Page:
In 1987, the largest number of inductees in Hall of Fame history -- twenty-two -- was inducted, voted on from an original list of forty nominees. When inducting B.B. King, just days after the second-ever Martin Luther King Jr. Day, Sting made a disparaging reference to Arizona's refusal to recognize the holiday. Chuck Berry gave a heartfelt induction to his fellow road warrior Bill Haley. Carl Perkins wore his blue suede shoes, and Berry a blue sequined jacket. Keith Richards, who duckwalked with Berry, inducted Aretha Franklin, "The first lady to be inducted into the Hall of Fame." Brian Wilson, who'd barely been seen in public for years, showed up looking fit and alert when he inducted songwriters Jerry Leiber and Mike Stoller. Just over a year after his death in a plane crash, inductee Ricky Nelson was represented by his daughter, Tracy, and twin sons, Gunnar and Matthew, then rising teen idol stars. And when Smokey Robinson approached the podium, the audience spontaneously serenaded him with "ooh, baby, baby," a line from and the title of one of his greatest songs.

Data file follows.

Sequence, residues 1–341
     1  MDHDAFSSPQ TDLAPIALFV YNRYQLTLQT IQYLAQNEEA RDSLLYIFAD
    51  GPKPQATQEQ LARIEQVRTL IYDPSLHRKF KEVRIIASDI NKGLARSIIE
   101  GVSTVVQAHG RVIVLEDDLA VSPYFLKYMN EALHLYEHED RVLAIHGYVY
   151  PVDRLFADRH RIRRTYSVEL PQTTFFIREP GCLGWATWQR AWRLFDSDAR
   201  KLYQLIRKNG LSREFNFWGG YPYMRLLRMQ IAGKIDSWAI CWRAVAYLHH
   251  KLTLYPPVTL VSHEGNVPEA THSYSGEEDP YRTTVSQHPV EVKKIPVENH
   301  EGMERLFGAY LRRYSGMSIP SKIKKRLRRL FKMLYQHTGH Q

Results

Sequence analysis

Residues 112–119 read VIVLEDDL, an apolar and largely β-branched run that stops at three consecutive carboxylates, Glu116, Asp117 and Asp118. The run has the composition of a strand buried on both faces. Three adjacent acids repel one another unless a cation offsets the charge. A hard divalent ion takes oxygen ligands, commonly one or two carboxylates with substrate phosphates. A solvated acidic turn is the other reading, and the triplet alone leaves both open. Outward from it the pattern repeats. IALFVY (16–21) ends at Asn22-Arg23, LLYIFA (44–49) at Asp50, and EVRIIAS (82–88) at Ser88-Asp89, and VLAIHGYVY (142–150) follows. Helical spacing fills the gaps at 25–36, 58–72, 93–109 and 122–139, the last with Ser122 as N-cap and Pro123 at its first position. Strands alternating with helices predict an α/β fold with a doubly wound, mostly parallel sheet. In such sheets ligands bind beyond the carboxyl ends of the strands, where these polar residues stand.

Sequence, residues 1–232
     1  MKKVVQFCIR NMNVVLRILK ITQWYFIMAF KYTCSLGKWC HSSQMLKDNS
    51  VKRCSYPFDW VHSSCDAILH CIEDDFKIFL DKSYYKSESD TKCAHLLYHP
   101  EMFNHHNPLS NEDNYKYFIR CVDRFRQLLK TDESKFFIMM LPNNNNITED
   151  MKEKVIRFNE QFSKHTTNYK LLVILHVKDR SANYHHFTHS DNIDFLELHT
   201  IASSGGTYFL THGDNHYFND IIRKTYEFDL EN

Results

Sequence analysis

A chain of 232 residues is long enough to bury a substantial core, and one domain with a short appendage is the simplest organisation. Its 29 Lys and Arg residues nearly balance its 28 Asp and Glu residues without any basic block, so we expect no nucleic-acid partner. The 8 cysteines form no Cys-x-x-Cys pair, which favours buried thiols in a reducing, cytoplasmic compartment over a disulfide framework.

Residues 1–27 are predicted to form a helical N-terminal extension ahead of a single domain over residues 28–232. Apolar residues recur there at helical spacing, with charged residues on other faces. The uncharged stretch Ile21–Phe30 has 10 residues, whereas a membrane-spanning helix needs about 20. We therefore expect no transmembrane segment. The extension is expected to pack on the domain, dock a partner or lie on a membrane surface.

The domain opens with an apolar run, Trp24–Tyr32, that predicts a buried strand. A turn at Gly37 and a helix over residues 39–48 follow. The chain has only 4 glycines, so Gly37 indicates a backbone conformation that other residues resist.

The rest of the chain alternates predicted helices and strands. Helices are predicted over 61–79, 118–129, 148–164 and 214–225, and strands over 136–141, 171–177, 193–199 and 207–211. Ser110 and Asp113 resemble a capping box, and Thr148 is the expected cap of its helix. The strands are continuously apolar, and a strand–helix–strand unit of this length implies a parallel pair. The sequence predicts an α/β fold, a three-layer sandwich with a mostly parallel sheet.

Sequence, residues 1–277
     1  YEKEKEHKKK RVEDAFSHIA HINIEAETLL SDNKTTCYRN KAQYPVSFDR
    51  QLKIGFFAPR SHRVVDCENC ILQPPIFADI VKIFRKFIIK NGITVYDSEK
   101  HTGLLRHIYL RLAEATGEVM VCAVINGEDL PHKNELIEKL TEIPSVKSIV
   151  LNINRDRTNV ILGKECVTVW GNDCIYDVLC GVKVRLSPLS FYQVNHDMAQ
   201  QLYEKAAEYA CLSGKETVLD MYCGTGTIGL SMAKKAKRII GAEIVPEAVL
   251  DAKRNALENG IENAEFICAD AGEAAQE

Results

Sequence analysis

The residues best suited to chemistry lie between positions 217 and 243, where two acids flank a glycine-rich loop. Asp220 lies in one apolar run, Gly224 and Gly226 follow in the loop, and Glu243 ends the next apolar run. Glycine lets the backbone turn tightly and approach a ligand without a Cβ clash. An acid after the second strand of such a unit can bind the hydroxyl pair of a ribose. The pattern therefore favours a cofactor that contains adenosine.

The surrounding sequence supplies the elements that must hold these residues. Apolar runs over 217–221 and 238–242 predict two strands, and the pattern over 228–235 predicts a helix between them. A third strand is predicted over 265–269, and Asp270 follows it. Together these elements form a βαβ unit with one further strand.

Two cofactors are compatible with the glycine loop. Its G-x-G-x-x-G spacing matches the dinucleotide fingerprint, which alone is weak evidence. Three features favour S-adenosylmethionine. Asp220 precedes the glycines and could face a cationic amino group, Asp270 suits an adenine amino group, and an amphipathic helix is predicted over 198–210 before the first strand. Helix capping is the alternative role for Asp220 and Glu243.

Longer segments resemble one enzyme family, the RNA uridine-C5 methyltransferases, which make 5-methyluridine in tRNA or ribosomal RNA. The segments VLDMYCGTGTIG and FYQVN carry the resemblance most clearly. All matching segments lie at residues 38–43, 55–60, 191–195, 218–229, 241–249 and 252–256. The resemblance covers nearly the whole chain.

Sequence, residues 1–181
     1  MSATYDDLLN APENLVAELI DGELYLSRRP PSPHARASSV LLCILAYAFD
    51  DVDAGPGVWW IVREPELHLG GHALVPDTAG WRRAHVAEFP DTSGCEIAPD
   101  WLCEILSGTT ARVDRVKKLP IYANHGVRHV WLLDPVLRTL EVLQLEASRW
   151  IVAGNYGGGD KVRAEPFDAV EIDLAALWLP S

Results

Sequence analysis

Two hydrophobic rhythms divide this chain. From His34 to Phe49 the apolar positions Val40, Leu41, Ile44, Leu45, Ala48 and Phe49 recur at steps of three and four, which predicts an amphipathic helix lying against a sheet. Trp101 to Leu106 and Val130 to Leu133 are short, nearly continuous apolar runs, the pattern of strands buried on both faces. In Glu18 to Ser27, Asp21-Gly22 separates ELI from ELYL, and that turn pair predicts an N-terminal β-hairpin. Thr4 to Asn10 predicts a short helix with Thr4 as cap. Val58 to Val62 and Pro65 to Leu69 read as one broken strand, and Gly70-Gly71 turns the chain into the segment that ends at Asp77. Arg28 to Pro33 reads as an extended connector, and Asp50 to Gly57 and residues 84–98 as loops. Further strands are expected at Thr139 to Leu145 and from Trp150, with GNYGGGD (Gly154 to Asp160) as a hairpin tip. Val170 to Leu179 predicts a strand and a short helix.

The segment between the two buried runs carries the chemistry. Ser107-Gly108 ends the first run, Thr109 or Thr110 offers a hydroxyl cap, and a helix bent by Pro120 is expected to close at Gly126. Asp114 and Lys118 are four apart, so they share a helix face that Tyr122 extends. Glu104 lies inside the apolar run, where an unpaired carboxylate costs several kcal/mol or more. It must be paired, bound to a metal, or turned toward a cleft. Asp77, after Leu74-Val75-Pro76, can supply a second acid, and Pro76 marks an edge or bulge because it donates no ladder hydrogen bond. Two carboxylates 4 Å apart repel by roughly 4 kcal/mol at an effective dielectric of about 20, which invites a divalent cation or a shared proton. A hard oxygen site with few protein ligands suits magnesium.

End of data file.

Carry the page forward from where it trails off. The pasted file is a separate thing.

The jam was another explosive, unplanned event, featuring Robinson, Berry, blues harpist Paul Butterfield, Foreigner's Mick Jones, Roy Orbison, Carl Perkins, Keith Richards, Bo Diddley, Ben E. King, and members of the Coasters. After giving a stirring induction of Orbison, Bruce Springsteen played guitar and shared the mic on several songs during the jam. Sting and Daryl Hall split a piano bench, and two members of the Coasters sang along with Leiber and Stoller, the men who'd written their biggest hits.
Just before the jam, Bill Graham urged the artists to gather onstage for a group portrait. "We must have a picture of all of you together!" he shouted. "Please, all of you, B.B., Ben, Chuck, Sting, Bruce, Keith, everybody ... please come on up! Who knows what's going to happen tomorrow!"